U.S. spring extremes: coldest and warmest first days of spring

GR:  These maps published yesterday by the U. S. Climate division of NOAA illustrate climate change in action.

“By plants’ calendars, spring arrived in parts of the United States weeks ago—not surprising, given the near-record warmth this winter. Meanwhile, residents of the Great Lakes region and the Northeast, still shaking off recent snow, might disbelieve their calendars. But by the Sun’s calendar, today is officially the first day of spring.

“In honor of spring’s extremes, we’re publishing these maps that show the warmest and coldest first days of spring in the historical record for thousands of U.S. locations (i.e. the highest and lowest daytime high temperature ever recorded at a given station on March 20). The legend is the same on both maps: blue colors shows daytime high temperatures below 50°F, while daytime highs above 50°F are colored yellow, orange, and red. These historical observations are from the Global Historical Climatology Network-Daily data collection that Jared Rennie wrote about last week for our Beyond the Data blog.

“The maps show the warmest and coldest daily maximum temperature (“daytime high”) on March 20 for more than 4,000 U.S. locations within the Lower 48. Large versions of these maps show Alaska and Hawaii. The warmest first days of spring experienced by these U.S. locations are all 50°F or warmer, except for New Hampshire’s Mt. Washington. Within the rest of the “CONUS” (the contiguous 48 states) we see only “warm” colors: yellows in the far Northeast and the mountains of the West where the warmest first day of spring was between 50-60°F; oranges in the Northern Plains, Pacific Northwest, and upper Midwest, where the warmest first day of spring ranged between 70-80°F. First days of spring with temperatures above 90°F are mostly confined to the southern Plains, the Southwest, and southern Florida.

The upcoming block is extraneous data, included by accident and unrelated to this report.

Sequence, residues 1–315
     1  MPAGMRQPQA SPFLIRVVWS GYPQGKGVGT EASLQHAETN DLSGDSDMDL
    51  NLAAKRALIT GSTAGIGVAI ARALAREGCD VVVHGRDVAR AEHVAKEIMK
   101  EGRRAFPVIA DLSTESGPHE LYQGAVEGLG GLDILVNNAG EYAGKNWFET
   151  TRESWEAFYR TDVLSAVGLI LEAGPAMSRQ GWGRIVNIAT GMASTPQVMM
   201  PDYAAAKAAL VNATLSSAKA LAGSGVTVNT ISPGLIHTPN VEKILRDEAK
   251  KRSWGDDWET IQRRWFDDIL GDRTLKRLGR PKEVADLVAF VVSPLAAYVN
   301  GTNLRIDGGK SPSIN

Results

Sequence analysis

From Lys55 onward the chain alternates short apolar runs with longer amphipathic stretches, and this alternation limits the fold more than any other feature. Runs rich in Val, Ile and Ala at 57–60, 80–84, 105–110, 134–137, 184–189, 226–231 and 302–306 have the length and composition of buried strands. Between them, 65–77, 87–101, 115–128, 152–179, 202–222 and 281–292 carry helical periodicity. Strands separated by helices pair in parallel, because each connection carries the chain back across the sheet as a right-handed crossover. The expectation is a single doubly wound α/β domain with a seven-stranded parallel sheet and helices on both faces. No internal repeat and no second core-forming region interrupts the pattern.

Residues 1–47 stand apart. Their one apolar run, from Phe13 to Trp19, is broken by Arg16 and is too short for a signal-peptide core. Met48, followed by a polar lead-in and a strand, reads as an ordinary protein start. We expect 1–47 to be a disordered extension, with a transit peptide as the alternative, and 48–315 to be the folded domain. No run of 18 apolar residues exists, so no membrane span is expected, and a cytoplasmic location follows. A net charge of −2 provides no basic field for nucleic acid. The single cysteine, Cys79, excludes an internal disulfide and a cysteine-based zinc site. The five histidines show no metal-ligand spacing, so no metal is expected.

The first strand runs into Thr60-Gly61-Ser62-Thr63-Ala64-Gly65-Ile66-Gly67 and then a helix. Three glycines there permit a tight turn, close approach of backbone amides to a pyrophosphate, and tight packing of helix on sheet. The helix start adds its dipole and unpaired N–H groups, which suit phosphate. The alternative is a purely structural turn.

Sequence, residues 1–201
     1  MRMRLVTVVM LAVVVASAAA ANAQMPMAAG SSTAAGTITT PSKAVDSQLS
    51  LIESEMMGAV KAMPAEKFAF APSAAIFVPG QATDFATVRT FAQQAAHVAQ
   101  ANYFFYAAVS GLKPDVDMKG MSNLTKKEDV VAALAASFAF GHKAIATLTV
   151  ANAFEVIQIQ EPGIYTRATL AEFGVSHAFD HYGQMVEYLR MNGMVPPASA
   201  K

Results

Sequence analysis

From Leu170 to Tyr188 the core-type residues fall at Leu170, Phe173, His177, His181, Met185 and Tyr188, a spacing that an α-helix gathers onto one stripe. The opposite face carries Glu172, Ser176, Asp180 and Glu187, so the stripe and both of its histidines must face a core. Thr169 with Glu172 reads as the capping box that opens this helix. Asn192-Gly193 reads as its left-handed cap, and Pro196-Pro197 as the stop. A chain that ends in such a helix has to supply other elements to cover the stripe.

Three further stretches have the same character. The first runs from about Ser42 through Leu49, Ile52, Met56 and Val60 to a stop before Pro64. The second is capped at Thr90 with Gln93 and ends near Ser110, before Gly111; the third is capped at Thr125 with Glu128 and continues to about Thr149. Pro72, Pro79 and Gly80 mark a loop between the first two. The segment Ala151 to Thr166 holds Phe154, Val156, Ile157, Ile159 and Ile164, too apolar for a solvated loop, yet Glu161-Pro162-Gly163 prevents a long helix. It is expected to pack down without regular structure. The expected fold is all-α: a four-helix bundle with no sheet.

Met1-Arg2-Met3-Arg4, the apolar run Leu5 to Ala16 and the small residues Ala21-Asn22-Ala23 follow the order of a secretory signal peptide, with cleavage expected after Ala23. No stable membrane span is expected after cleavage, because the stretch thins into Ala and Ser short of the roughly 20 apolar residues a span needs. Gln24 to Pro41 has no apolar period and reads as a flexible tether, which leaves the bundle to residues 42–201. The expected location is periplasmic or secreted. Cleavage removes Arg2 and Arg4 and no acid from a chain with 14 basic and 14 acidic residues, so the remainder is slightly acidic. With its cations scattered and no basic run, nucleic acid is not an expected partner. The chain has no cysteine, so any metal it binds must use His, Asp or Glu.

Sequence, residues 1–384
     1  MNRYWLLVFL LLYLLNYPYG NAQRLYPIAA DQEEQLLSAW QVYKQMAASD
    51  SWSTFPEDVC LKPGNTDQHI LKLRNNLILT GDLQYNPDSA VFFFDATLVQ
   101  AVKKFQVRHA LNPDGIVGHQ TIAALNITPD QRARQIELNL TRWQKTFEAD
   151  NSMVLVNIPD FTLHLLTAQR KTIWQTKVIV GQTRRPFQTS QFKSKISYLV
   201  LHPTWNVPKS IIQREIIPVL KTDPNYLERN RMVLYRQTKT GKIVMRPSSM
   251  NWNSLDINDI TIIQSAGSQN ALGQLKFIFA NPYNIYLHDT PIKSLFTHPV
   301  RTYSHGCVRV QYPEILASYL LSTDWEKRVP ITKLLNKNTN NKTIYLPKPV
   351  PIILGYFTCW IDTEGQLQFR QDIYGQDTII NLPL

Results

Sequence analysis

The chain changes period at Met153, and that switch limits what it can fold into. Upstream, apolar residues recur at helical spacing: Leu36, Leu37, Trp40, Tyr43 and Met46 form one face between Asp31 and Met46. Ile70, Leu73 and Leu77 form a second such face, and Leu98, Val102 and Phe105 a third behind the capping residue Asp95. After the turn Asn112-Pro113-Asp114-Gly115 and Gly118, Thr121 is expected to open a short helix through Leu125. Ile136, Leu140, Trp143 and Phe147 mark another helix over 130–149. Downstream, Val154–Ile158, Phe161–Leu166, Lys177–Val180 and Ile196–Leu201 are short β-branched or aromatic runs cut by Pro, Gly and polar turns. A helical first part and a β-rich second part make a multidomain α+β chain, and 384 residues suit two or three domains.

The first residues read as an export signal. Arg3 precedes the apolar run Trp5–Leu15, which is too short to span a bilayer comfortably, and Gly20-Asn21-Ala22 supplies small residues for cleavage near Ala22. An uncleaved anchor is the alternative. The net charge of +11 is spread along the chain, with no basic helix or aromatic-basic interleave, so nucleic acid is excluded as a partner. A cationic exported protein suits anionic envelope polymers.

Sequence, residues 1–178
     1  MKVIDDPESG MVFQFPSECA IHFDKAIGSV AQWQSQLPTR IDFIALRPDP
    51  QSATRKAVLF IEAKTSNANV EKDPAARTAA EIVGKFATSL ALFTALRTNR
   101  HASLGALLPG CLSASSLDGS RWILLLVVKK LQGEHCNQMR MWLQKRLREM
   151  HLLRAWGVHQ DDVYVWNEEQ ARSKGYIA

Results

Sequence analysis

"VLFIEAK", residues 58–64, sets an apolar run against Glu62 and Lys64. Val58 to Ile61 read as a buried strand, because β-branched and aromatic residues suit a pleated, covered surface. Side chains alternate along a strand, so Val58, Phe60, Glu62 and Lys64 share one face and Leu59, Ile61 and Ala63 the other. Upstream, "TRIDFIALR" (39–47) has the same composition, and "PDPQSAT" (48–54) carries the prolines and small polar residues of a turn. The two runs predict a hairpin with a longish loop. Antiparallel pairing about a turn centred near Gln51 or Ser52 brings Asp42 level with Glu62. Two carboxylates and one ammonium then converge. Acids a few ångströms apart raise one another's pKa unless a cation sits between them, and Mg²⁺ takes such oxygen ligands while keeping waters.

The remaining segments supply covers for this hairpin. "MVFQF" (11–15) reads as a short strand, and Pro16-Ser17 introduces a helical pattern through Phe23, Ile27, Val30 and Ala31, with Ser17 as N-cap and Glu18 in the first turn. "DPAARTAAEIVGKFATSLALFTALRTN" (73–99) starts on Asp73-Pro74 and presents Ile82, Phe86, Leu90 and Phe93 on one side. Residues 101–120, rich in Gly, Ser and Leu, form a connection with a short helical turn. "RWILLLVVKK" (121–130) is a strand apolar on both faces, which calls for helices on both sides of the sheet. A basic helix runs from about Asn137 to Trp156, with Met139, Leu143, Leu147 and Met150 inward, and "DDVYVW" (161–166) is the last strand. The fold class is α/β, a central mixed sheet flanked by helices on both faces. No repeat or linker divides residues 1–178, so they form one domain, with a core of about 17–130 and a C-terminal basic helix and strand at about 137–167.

“There is greater variability in the coldest first days of spring than the warmest. In the northern Plains and Alaska, the coldest first day of spring at several locations was below 0° F (black dots). And most of the northern third of the country has experienced a first day of spring that was below freezing. Meanwhile, the coldest first day of spring experienced at the southern tip of Florida was above 70°F.

“What about where you live? Will today be closer to your location’s warmest first day of spring or its coldest? Explore the maps to understand where today’s temperature fits into your location’s climate history.” –U. S. Government, NOAA (Continue reading: U.S. spring extremes: coldest and warmest first days of spring | NOAA Climate.gov.)

March Climate Madness — Wildfires, Scorching Summer Heat Strike Central and Southwestern U.S. By Winter’s End

GR:  Record heat and winter fires. More on the way.

“In Colorado today the news was one of fire. There, a wildfire just south of Boulder had forced emergency officials to evacuate 1,000 residents as more than 2,000 others were put on alert Sunday. Smoke poured into neighborhoods as dead trees killed by invasive beetles or a developing drought, exploded into flames. Depleted snowpacks along the front range of the Rockies combined with temperatures in the 80s and 90s on Sunday to increase the fire risk. Thankfully, so far, there have been no reports of injuries or property loss. A relieving contrast to the massive fires recently striking Kansas, Texas and Oklahoma — where farmers and communities are still recovering.

“Much of the southwest also experienced record or near-record temperatures. Las Vegas broke new records Sunday as the thermometer struck past 90 (F). Meanwhile, Yuma broke its previous daily record high on Sunday as temperatures rocketed to 98 F.” –Robert Scribbler (Continue reading:  March Climate Madness — Wildfires, Scorching Summer Heat Strike Central and Southwestern U.S. By Winter’s End | robertscribbler.)

(Extreme heat builds through the Central and Southwest U.S. on monday as a wildfire forces evacuations south of Boulder, Colorado. Image source: Climate Reanalyzer.)